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foodstorageThe Lord as asked us to ‘…prepare every needful thing…’ (Doctrine & Covenants 88:112). He as asked us to do so in such a way that we can provide for ourselves and our families in times of need. Although, we may believe that we will always have suitable employment and sufficient income to live the life we are living, we do not, no will we ever, know what maybe coming around the corner and we would not want to know either. However, God is wiser than we are and he shares his wisdom that if we do what he asks we will be prepared and we will not fear.

Other things you should consider storing –

  • fuel for eating and cooking, if this is flammable fuel or gas canisters it should, if at all possible, be stored away from your home.
  • extra clothing – difficult when you have growing children
  • bedding & blankets
  • candles & matches – in case the lights go out
  • toiletries – store the ones you normally use, and don’t forget to rotate as even toiletries have a ‘use by date’ e.g shampoo, conditioner, body wash, deodorant, tooth paste, tooth brushes, and feminine hygiene products if needed
  • if you have a baby or small child think about what they may need and store a little extra, e.g milk formula, nappies (diapers), wipes, etc
  • toilet rolls & kitchen paper rolls
  • cleaning products – again, store what you normally use, this could include laundry products
  • a first aid kit, which includes a supply of any prescribed medications whenever possible, check ‘use by’ date before use and if you have a child also store appropriate medication
  • can/tin opener, especially if you are storing cans/tins
  • plastic food bags & bin liners
  • WATER & water sterilizing tablets
  • anything else you think your family may need

How to store 

  1. the bigger your family, the bigger the space you are going to need for storage
  2. store items so that they are easily accessible – if possible
  3. leave items, including food, in their original packaging if possible, as this normally as a ‘use by’ date stamped on it
  4. use & rotate, rotate & use…
  5. only store what you normally use
  6. store items where the temperature remains reasonably constant

What to do if something goes out of date – should you still use it?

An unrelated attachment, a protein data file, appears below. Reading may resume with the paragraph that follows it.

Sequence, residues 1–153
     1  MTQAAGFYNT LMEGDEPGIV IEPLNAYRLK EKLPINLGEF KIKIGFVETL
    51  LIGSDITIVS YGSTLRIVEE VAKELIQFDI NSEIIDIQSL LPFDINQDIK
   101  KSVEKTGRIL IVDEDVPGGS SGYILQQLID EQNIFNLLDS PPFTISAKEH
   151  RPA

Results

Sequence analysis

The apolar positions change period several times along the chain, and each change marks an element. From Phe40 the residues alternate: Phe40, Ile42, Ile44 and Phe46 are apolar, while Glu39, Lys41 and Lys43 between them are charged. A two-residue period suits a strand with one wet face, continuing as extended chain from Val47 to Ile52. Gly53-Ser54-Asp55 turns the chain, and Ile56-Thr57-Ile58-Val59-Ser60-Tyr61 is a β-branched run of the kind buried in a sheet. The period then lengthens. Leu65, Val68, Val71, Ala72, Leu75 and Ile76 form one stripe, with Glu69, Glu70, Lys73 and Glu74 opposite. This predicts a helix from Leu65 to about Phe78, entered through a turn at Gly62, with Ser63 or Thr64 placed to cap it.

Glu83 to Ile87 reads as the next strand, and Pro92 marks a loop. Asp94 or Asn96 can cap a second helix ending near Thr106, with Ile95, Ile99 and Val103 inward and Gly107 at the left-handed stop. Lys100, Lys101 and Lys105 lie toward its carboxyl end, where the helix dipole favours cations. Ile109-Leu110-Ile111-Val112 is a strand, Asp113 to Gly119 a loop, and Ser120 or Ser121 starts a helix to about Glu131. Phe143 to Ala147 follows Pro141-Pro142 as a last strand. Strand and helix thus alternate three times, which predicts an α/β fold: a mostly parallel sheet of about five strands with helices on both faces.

Toiletries & cleaning products – although, these products have ‘use by’ date on them, as it’s the law in some countries, unless the product appears to be ‘off – bad’ then it is safe to use, even if it is out of date by a long way.

Medications – DON’T use out of date medications. However, this does apply to band aides and bandages, etc. or any product that you are NOT ingesting, these should be still alright to use pass the use by date, providing they are still sealed in the wrapping or container they were bought in.

Packet food – first do not let your food go our of date, but if it has then use your eyes and look at it – does it appear normal? If it does then it is probably alright to use, but if at any point in the preparation of the food item, it does not appear to right, then discard it. Products that contain flour, including pasta and some breakfast cereals, are prone to infestations of mini beasts, to help prevent this, leave the product sealed in its original packaging and then seal it into an out bag or plastic tub, check before using, even if it is in date.

Tin/can products and jars – although these products normally have a ‘use by’ date if the tin/can/jar appears to be ‘normal’ no bulges or leakages and you can not depress the cap on jars then it is probably alright to use several months (I’ve heard of things being stored for years and then when opened they have been perfectly alright to use) after the use by date. In the end, if it is out of date, the only way to really know if it is edible, is to open it and look, smell and then taste it!!!

Water – buy bottled water, store it out of direct sunlight and before you drink it check for anything floating in it, don’t drink if you find anything in it, but it would still be good for washing. If in doubt, then sterilize it before use. The same rule applies to bottled water as it does to tins/cans/jars and that is – if it bulging or leaking don’t use it for drinking water, but you could use it for other things, such as washing. You should aim to store 14 litres of clean drinking water per person, to cover 14 days supply.

First store enough food for ‘a week,’ then build to ‘a month’ and then to build to a ‘3 months’ supply. Store what you eat and what you use and rotate regularly. Be sensible when building a home storage, do so within your means, buy items regularly and keep a list of what is needed with you, on your phone (?), when you go grocery shopping. Also, remember that buying in bulk is good, but only if you are going to use the item before it goes of date, otherwise it is a waste of your money. Also, think carefully about what size of packet, etc you actually need; a family may go through a large bag or rice within a week, but an individual may find that a smaller packet would work better for them. For myself, i try and buy items in a weekly size – which means ‘i am going to use the whole packet in about a week,’

And remember, that having a home storage is an act of obedience.